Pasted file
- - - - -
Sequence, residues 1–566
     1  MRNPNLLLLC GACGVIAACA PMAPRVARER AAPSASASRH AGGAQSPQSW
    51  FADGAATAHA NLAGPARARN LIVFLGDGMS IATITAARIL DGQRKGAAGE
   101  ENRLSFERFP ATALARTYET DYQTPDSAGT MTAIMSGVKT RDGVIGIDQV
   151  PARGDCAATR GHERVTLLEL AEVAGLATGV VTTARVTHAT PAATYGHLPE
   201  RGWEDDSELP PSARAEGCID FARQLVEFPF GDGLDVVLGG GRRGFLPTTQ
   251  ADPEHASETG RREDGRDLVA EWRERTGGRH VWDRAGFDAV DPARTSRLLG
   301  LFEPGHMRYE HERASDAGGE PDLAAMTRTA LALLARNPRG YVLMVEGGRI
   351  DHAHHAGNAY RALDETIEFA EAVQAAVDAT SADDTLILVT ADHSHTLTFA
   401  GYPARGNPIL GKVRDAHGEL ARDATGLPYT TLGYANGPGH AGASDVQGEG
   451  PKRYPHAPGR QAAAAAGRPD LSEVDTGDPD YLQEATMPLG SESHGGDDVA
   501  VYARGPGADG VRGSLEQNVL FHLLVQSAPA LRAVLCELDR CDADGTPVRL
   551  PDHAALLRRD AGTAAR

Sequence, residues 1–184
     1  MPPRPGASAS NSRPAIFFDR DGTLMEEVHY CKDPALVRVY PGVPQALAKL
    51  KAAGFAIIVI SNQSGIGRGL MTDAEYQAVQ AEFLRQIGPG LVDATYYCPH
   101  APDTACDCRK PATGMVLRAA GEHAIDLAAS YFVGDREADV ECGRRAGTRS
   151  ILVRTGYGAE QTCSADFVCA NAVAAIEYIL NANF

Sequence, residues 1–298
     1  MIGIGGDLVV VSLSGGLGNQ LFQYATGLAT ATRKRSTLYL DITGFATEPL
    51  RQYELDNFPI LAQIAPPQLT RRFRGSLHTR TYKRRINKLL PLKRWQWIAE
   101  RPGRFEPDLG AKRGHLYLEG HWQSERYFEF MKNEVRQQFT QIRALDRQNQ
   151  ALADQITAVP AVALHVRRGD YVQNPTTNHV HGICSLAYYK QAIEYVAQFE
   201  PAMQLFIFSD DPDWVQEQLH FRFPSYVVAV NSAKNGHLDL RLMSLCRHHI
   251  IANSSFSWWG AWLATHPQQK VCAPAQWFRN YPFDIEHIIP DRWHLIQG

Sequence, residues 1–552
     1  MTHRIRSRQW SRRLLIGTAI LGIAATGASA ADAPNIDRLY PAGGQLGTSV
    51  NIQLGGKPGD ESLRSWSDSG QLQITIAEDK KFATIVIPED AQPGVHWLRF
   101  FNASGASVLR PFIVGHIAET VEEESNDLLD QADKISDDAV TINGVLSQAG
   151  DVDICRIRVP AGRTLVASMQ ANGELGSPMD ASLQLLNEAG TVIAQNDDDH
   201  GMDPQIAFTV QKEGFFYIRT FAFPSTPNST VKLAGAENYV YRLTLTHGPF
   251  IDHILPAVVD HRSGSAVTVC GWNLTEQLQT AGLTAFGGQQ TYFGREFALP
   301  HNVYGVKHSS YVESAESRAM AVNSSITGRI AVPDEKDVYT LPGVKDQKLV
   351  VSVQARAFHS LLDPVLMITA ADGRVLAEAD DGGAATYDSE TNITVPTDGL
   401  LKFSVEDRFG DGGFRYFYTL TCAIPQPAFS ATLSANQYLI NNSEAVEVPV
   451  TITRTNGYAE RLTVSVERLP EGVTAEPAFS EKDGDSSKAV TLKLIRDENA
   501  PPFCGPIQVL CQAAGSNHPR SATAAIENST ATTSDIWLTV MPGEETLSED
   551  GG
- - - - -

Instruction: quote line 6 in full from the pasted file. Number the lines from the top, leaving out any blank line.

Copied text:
   201  RGWEDDSELP PSARAEGCID FARQLVEFPF GDGLDVVLGG GRRGFLPTTQ